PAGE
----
Another theme common to early-modern discussions about the possibility of human knowledge of the creation was that expressed by the metaphor of God’s two books: the book of God’s word (the Bible) and the book of God’s work (the created world). Natural philosophers regarded both books as legitimate sources of knowledge. Early in the seventeenth century, Galileo Galilei (1564–1642) appealed to this metaphor in the context of a discussion of the relative importance of studying the Bible and observing natural phenomena: “the holy Bible and the phenomena of nature proceed alike from the divine Word, the former as the dictate of the Holy Ghost and the latter as the observant executrix of God’s commands.”

As for the further relationship between what became modern science and the Christian Bible, it should be clear how it eventually developed. Georges Lemaître‘s ideas may serve as an example. This Belgian Catholic priest and famous physicist (founder of the “Big Bang” hypothesis among others) clearly distinguishes the questions of modern science from the questions the New Testament authors deal with. In fact, according to Lemaître, questions of modern science have nothing to do with theology, and vice versa. The Christian scientist thus cannot let his faith be of any importance for his scientific work. Some quotes from Lemaître, taken from an article by Joseph R. Laracy (click to read) clarify his position regarding the relationship between theology and modern science:

Georges Lemaître and Albert EinsteinShould a priest reject relativity because it contains no authoritative exposition on the doctrine of the Trinity? Once you realize that the Bible does not purport to be a textbook of science, the old controversy between religion and science vanishes… The doctrine of the Trinity is much more abstruse than anything in relativity or quantum mechanics; but, being necessary for salvation, the doctrine is stated in the Bible. If the theory of relativity had also been necessary for salvation, it would have been revealed to Saint Paul or to Moses… As a matter of fact neither Saint Paul nor Moses had the slightest idea of relativity.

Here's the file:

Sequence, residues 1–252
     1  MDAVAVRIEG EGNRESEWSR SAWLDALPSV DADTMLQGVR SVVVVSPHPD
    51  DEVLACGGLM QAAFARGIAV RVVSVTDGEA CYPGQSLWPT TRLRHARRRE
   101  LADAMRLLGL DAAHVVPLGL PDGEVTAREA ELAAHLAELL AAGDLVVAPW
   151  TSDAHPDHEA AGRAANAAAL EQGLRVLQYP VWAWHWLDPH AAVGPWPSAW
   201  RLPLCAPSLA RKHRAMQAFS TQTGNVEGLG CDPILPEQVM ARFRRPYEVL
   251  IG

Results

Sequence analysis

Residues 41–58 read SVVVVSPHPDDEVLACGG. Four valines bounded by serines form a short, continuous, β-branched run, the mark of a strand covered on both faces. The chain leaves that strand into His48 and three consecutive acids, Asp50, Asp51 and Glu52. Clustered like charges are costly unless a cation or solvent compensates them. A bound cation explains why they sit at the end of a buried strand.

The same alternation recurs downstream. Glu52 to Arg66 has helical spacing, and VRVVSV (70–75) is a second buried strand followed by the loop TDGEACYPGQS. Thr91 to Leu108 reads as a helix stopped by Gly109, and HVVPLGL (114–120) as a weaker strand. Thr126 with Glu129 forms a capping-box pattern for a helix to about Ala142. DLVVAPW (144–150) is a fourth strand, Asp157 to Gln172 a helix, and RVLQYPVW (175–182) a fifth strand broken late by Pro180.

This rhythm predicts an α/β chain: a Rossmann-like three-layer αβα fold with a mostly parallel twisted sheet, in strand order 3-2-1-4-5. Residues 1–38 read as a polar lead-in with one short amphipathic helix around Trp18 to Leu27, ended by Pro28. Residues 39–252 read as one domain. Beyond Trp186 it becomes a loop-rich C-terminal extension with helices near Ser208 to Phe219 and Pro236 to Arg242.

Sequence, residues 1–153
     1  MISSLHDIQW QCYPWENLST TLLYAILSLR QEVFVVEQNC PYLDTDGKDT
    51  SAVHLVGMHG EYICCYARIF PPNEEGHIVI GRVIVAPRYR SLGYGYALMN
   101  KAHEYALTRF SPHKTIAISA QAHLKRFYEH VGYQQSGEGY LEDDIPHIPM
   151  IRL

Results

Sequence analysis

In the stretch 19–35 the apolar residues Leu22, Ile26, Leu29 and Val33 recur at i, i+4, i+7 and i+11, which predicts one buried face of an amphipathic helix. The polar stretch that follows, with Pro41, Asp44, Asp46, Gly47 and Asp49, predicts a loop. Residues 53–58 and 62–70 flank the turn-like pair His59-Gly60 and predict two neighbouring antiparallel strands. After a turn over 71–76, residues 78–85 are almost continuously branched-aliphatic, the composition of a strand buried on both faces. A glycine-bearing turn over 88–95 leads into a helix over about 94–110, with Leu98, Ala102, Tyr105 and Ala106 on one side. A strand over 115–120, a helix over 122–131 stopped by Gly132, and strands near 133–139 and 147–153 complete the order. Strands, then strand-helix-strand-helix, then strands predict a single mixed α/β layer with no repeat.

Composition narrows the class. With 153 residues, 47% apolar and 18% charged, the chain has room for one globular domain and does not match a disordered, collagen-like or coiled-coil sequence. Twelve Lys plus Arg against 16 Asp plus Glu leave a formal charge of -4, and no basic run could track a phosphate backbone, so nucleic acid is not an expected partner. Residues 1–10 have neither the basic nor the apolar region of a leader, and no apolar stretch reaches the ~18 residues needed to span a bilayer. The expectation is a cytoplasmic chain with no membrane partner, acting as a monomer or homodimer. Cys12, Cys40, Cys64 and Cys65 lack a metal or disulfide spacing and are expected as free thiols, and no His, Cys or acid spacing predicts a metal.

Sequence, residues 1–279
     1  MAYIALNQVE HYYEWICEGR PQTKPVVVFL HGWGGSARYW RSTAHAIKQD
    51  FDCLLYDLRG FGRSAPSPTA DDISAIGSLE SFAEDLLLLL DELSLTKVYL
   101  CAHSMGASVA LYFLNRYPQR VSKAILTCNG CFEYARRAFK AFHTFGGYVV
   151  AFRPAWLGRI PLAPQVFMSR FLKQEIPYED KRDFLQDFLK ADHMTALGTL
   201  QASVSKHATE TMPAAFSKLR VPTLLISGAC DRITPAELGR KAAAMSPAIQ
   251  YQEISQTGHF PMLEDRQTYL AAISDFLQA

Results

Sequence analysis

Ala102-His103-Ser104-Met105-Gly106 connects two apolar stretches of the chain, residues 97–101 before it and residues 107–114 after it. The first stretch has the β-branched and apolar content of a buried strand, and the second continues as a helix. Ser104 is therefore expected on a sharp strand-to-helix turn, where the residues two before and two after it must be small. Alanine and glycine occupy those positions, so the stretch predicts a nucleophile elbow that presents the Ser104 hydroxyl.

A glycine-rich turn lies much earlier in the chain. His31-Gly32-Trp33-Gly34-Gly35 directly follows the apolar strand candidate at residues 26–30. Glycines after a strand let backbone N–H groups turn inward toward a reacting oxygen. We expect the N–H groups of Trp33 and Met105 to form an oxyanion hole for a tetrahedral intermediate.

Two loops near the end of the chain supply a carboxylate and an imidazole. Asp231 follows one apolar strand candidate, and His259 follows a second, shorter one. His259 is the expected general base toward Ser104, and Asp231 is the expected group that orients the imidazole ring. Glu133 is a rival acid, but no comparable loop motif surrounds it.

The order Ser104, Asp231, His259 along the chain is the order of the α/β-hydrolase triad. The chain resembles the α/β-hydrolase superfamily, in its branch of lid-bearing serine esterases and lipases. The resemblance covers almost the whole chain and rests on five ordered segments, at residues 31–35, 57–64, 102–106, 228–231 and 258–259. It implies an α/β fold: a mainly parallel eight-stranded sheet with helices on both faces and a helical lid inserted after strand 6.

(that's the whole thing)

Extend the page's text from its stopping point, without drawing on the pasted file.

The Christian researcher has to master and apply with sagacity the technique appropriate to his problem. His investigative means are the same as those of his non-believer colleague… In a sense, the researcher makes an abstraction of his faith in his researches. He does this not because his faith could involve him in difficulties, but because it has directly nothing in common with his scientific activity. After all, a Christian does not act differently from any non-believer as far as walking, or running, or swimming is concerned.

The writers of the Bible were illuminated more or less – some more than others – on the question of salvation. On other questions they were as wise or ignorant as their generation. Hence it is utterly unimportant that errors in historic and scientific fact should be found in the Bible, especially if the errors related to events that were not directly observed by those who wrote about them… The idea that because they were right in their doctrine of immortality and salvation they must also be right on all other subjects, is simply the fallacy of people who have an incomplete understanding of why the Bible was given to us at all.

The question about the meaning of “salvation” in the light of the New Testament indeed is different from, for instance, the question how and why objects fall down. That’s how plain and simple an insight can be in order to stop battling windmills like some heroic but mad and narcissistic Don Quixote.